An energy audit is conducted by public utility companies or independent private-sector specialists. Make sure you choose an auditor who’s been certified by the Association of Energy Engineers, the Interstate Renewable Energy Council, or the National Renewable Energy Laboratory. Note that there are different accreditation requirements for auditors specializing in single family homes versus multi-family residences.
While an energy audit can be done at anytime, if you live in cold climate, a winter audit is particularly useful for finding leaks that may be costing you every month. To prepare for an audit, make sure that your attic, basement and all other rooms are easy to access. You’ll want to have one year’s worth of utility bills, including fuel delivery information.
The auditor is going to examine your home inside and out, looking at everything from windows and doors to appliances and lighting, in order to provide you with a complete assessment and recommendations. A thorough energy audit has the potential to save you anywhere from 5 to 30% on your monthly energy bills.
What the auditor will do during your home’s energy audit
- Conduct a complete physical, visual, and thermographic inspection to identify where energy may be leaking from your home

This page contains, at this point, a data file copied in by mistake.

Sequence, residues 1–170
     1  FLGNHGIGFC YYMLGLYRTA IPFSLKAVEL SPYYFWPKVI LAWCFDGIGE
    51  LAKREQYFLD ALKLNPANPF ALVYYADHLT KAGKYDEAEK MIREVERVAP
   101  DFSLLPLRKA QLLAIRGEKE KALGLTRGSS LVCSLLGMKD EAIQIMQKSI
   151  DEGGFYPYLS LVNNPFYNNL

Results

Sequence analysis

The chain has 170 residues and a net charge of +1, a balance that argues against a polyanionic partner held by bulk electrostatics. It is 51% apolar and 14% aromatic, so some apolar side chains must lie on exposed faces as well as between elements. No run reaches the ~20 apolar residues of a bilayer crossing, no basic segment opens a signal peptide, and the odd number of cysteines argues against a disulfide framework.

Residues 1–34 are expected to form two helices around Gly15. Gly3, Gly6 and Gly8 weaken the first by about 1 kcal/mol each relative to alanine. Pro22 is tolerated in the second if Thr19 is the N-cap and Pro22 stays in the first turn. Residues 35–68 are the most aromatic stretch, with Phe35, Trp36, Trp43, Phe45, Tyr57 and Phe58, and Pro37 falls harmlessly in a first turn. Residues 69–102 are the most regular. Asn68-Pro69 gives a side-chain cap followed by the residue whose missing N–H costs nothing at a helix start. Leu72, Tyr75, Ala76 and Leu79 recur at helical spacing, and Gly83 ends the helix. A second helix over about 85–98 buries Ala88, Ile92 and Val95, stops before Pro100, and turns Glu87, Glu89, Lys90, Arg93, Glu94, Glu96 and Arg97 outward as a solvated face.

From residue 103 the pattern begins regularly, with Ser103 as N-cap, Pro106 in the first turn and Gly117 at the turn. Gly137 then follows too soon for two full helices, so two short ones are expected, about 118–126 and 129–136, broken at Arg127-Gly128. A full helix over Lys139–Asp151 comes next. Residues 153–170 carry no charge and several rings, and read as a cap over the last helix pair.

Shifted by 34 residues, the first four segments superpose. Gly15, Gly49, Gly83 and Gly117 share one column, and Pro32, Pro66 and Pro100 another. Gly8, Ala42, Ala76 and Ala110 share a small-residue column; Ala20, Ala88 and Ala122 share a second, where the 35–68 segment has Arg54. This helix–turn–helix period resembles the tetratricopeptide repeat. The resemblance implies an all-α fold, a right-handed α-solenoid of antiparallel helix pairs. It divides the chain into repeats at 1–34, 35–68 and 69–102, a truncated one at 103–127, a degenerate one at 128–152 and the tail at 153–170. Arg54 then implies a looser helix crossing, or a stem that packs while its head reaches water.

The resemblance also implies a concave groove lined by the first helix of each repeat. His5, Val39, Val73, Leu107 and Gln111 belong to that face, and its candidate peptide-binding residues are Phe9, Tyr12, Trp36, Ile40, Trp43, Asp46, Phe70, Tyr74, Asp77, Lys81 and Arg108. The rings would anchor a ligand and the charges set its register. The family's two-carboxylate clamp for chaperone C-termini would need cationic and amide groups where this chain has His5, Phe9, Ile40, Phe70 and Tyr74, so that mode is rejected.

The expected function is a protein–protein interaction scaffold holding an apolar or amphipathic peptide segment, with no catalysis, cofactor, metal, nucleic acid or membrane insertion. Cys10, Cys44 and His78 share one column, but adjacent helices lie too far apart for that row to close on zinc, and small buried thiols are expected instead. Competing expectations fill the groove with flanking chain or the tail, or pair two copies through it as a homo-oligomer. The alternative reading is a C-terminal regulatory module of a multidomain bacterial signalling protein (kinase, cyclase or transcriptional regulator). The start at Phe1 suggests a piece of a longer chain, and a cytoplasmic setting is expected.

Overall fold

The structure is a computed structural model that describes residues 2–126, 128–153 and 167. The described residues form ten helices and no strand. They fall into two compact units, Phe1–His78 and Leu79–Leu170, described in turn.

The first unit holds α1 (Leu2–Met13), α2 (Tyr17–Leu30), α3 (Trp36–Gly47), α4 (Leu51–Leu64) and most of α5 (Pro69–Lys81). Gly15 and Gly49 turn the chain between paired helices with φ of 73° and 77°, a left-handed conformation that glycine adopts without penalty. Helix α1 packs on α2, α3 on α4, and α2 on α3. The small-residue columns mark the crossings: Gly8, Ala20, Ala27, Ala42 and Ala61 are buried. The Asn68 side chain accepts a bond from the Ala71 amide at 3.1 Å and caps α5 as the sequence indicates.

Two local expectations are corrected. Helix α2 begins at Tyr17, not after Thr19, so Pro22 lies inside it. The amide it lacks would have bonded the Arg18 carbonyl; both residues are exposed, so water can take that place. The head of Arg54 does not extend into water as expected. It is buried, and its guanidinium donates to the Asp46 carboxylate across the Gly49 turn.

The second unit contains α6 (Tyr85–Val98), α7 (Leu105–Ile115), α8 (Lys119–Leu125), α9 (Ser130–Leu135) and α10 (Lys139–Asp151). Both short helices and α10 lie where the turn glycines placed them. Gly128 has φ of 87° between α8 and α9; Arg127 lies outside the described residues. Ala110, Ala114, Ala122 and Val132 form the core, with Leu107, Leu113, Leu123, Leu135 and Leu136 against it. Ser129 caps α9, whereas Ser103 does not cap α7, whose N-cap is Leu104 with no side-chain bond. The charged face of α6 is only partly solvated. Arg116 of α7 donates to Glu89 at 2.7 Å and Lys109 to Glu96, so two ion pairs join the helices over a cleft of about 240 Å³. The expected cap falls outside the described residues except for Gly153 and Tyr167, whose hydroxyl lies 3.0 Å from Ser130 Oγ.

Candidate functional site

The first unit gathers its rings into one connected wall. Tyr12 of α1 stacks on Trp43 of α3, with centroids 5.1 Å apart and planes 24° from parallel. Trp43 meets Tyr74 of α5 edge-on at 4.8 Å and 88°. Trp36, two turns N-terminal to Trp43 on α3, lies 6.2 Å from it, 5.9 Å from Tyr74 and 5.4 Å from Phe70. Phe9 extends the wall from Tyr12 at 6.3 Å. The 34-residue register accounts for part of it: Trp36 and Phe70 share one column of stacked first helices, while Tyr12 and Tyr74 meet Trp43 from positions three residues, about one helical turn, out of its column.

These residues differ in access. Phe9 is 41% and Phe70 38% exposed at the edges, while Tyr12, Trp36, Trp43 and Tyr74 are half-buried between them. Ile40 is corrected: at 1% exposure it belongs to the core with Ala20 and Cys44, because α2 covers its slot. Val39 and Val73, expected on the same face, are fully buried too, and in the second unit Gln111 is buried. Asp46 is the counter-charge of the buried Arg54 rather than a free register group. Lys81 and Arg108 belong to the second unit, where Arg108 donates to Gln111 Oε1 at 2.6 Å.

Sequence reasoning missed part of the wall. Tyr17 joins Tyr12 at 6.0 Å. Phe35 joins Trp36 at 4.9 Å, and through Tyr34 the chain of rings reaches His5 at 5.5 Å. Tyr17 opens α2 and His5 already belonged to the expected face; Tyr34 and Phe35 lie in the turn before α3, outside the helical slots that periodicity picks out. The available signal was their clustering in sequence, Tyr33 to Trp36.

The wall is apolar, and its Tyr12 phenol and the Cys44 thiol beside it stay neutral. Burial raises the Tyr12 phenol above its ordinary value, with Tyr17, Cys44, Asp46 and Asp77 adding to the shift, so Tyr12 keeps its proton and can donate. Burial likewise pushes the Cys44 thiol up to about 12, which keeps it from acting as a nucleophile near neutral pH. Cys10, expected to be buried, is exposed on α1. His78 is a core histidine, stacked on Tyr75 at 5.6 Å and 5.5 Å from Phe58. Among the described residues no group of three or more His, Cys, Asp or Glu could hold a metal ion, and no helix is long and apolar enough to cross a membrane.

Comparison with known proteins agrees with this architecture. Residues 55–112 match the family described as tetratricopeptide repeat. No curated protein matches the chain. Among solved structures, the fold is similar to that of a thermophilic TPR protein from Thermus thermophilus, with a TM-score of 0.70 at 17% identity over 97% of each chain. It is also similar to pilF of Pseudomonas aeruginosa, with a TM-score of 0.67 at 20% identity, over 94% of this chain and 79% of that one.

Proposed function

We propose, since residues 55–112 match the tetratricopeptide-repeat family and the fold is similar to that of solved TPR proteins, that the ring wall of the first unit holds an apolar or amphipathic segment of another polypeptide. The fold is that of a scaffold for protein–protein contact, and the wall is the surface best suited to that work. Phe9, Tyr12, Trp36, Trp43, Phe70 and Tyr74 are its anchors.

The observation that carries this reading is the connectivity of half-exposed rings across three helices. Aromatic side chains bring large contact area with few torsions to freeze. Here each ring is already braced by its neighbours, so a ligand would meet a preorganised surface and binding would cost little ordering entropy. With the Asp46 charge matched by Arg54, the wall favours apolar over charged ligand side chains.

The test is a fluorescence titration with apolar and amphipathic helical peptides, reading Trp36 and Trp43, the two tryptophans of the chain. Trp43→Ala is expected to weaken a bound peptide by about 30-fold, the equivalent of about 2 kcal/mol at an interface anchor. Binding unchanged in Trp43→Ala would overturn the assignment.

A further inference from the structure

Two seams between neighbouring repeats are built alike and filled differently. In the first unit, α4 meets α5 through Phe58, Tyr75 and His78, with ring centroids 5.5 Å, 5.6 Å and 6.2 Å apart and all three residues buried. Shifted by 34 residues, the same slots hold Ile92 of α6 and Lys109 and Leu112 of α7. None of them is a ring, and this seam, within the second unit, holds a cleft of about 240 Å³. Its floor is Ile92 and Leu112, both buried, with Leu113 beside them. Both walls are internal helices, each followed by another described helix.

- Confirm that adequate insulation is properly in place in the attic, outside facing walls, and foundation
- Inspect all windows and doors for leaks
- Confirm that both the furnace and water heater are performing up to standard based on their age and usage and that all duct work is properly sealed and insulated
- Test all electrical appliances and confirm they are properly vented and energy efficient
- Confirm that all electrical wiring is properly insulated
- Confirm that your home is properly ventilated and that you have both smoke and carbon monoxide alarms properly located throughout the house
- Test air quality
- Test for radon
- Identify any lead-based paint, asbestos, or other hazardous materials such as mold and mildew
- Conduct a “blower door test” which consists of using fans to suck the air out of your home making it easy to identify leaks. This critical test is best performed in the winter months.
A full energy audit assessment and recommendations should include…
- A list of any repairs needed, both inside and outside
- An evaluation of the condition of and/or need for storm doors and windows
- An evaluation of all doors and windows, including their components and performance
- Recommendations for additional insulation, the type of insulation materials to be added, and the proper location for insulation or air-sealing
- Whether adequate ventilation exists or should be added
- If a moisture management strategy is needed
- The energy efficiency of furnace, water heater, air conditioning, and all appliances and light fixtures with suggestions for replacement if necessary
- An evaluation of the impact of any potential health and safety issues
As a homeowner you’re always looking for ways to save money and add to the value of your home. An energy audit is a great way to achieve both of these goals and make your home more comfortable — no matter what the weather.